JEFF ROORDA, MISSOURI STATE REPRESENTATIVE: Everybody deserves to have the best legal defense that they can when they face they face their day in court, whatever that may be and we're just seeing to it that's what Officer Wilson has.


COSTELLO: State Representative Roorda goes on to say the second fundraising site, the similarly titled support officer Darren Wilson page has also been shut down. That fund has raised more than $235,000. Roorda insists that fund was started by a teenage girl, but who knows at this point. "Los Angeles Times" national reporter Matt Pearce has been investigating this story. Thanks for bringing this to our attention, because in many ways it's disturbing. So, this teen - a teenage girl started this second donation site. Do we even know who she is?

MATT PEARCE, "LOS ANGELES TIMES": Well, there was a name initially attached to the donation page when it was created a few days after the disturbance sort of started in Ferguson, Missouri. But when I messaged the creator of that page, you know, their identity had been taking off at that point and I didn't hear anything for a little while, but then a couple of nights ago, they messaged me back, and I had relayed them the story that the representative Roorda had told me, you know, about this being a teenage girl from the St. Louis area who just wanted to help out, and the anonymous administrator of this page wrote back to me and said, you know, the information that the Representative Roorda gave you is false. You know, we've never talk to him, you know, and consider that when you put that in your story and I even got another message from them last night and they are sticking to their story. So, we don't really know who is administering this page that has more than $200,000 worth of donations.

COSTELLO: So do we know where that money is going?

PEARCE: Well, it's supposed to go to help Officer - Officer ....


PEARCE: The officer involved in the shooting. Wilson. But Go fund me does not necessarily guarantee the accuracy of the information that's on its donation pages. This page has not been certified, and so they do reserve the ability to shut down these pages, if they think there's some impropriety and I have spoken to a spokeswoman who told me that she thinks that, you know, this fundraiser is a valid person, but we just - we haven't heard a confirmation of that yet.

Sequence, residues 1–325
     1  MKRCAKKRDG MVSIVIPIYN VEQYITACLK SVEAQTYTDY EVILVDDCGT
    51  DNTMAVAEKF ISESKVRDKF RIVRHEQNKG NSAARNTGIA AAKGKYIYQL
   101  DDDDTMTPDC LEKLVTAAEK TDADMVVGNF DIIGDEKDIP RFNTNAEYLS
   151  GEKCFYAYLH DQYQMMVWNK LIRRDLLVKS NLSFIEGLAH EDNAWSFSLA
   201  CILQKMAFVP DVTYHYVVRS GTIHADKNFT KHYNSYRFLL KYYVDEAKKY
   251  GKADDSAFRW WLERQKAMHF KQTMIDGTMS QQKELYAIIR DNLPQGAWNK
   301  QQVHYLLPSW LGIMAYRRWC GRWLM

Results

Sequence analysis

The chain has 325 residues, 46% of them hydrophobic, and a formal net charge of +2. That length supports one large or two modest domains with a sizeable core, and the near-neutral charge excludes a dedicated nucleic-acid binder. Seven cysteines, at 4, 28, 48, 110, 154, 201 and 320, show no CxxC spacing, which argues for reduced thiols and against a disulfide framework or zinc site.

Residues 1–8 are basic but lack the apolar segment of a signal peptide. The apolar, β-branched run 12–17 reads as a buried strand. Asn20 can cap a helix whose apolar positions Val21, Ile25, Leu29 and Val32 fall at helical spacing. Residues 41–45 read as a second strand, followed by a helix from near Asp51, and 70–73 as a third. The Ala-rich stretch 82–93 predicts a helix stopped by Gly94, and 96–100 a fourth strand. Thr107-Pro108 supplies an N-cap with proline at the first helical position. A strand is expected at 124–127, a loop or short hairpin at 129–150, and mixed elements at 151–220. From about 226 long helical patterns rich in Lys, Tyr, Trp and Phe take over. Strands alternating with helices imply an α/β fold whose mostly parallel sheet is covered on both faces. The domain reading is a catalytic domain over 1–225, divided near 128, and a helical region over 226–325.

COSTELLO: So, Representative Roorda also said that he's not sure whether the money can actually be used for a legal defense fund. Where did that come from and why can't it be?

PEARCE: Well, there are certain rules that the IRS has for nonprofit foundations, which is what the Shield of Hope is, and so their attorneys have to figure out if it's possible for this money to actually go toward Officer Wilson's defense fund and so they have to spend time figuring that out, whether that money can actually be dispersed that way. I mean this is the thing about social media and these online campaign fundraisers. Anyone could start one, and there can be some ambiguities about, you know, what actually happens with federal and state rules when someone collects this money.

COSTELLO: So have you talked to any donors?

PEARCE: I haven't actually talked to any donors. I mean a lot of people want to remain anonymous. You know, they don't want to put their names out there in support of this and actually go fund me had added a feature to remove the identity of people donated to the fund because this donation fund had come under such attack that, you know, online trolls had started attacking the fundraiser pages to the points where comments had to be taken down, and so this has sort of been a very fluid situation where, you know, you have a lot of people who sort of quietly want to give their support to Officer Wilson, but that's also come hand in hand with a situation, in which we don't have a lot of transparency about who administers this large amount of money.

COSTELLO: You got that right. Matthew Pearce, thanks so much for coming in. We appreciate it. Matthew Pearce from the "L.A. Times." I'll be right back.


COSTELLO: In football, the violent collision of BMS is truly a clash of the titans. But when the tiny Tennessee Titan is stealing the show. In this year's release of the iconic videogame franchise "Madden Football," a glitch has shrunk the linebacker to a mere 14 inches. CNN Jeanne Moos has the smallest details.


JEANNE MOOS, CNN CORRESPONDENT: Please, please don't step on the itsy bitsy linebacker. Chris Kirksey went from this ....

CHRIS KIRKSEY: I'm 6'2, actually.

MOOS: To this.

A crazy phenom of a player at 1'2 inches.

All because of a technical glitch in a video game. Madden NFL 15 has gamers mad for the adorably tiny Cleveland Browns linebacker who was inadvertently miniaturized and turned into a Tennessee Titan.

No matter how small you are, have big dreams and live big, that's what full size Chris Kirksey tweeted out in response to his teeny-weeny avatar.

KIRKSEY: When I first saw it, I thought it was pretty funny.

MOOS: For Chris, it's like being in that movie classic.

UNIDENTIFIED MALE: I shrunk the kids.

UNIDENTIFIED FEMALE: Nick, what happened?

UNIDENTIFIED BOY: We're all the size of boogers.

MOOS: Talk about picking, Chris says he's being picked on by friends.

KIRKSEY: Said, honey, I've shrunk the linebacker.

MOSS: But he's taking it in stride. Teeny tiny strides.

Jeanne Moos, CNN ...

UNIDENTIFIED MALE: One feet tall, one foot tall. Not feet.

MOOS: New York.



COSTELLO: Oh, he has a great sense of humor. That's a good thing.

Thank you so much for joining me today. I'm Carol Costello. "@ THIS HOUR" with Berman and Michaela after a break. (COMMERCIAL BREAK)